In The Blink Of An Eye
Drawing As An Act of Loss
Keywords:drawing, loss, scenographic, mind’s eye, worlding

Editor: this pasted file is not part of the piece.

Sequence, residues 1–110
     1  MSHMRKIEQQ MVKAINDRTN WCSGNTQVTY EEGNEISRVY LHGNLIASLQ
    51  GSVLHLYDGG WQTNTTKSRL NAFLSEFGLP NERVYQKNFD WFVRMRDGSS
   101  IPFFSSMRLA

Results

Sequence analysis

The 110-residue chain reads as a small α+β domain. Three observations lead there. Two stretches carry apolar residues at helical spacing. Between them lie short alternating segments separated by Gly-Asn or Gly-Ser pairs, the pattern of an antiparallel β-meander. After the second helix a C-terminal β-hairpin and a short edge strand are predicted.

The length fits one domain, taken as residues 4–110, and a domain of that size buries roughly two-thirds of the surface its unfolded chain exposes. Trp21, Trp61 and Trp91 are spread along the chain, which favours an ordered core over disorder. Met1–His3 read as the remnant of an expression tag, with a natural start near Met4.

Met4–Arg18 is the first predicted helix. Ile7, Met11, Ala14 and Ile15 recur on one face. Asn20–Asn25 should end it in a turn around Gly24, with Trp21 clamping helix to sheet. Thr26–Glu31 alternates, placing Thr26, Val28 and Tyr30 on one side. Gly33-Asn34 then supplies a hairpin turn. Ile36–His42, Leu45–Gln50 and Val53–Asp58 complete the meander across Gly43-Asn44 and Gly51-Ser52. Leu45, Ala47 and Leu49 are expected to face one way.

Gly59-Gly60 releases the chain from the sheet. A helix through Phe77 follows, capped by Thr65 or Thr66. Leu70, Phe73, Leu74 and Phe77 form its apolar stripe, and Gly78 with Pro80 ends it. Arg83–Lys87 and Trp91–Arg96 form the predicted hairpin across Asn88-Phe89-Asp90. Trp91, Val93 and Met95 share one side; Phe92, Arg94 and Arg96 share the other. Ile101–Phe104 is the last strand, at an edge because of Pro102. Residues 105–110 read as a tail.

The following analysis examines my drawing practice in creating the work Drowning in My Living Room. A Self-Portrait (2020), focusing specifically on a particular emotive state I reached in the process of embodied mark-making. This condition, recognised as the ‘gap’, illuminates the underlying concept of the ‘act’ of drawing as a process of ‘loss’. According to the French philosopher Jacques Derrida (1930-2004), the artist experiences loss in the instant between the thought or image in the ‘mind’s eye’ and the split second the pencil or stylus touches the piece of paper or screen. ‘The genesis of the present’ (Newman 1994, 219) – that is the instant act of drawing as the origin of thinking – takes place within this Augenblick or blink-of-an-eye (Derrida 1993, 48); that momentary space or gap spawning interconnections between ‘the now and the non-now, of perception and non-perception’ (Derrida 2010, 73). Derrida deemed drawing to be an act of memory; that is, at the point of contact the image is already lost into the past (Derrida 1993, 68). The un-drawn space has no present but is simultaneously the future and the past; in other words, is a trait or trace. However, I build upon Derrida’s argument and propose that it is at this moment of blindness/loss there also exists the site of possibility, invention and originality, of wonder and astonishment. The Augenblick becomes an ecstatic temporal moment (Pasanen 2006, 221) . It is within this un-filled space that the potential of creating a cosmopoietic worlding is found. In the work, Drowning in My Living Room. A Self-Portrait, the door (half open or half closed?) becomes an analogy for Derrida’s Augenblick, which, like the door ajar, is a threshold between a serendipitous moment and the sense of the irreclaimable – of loss.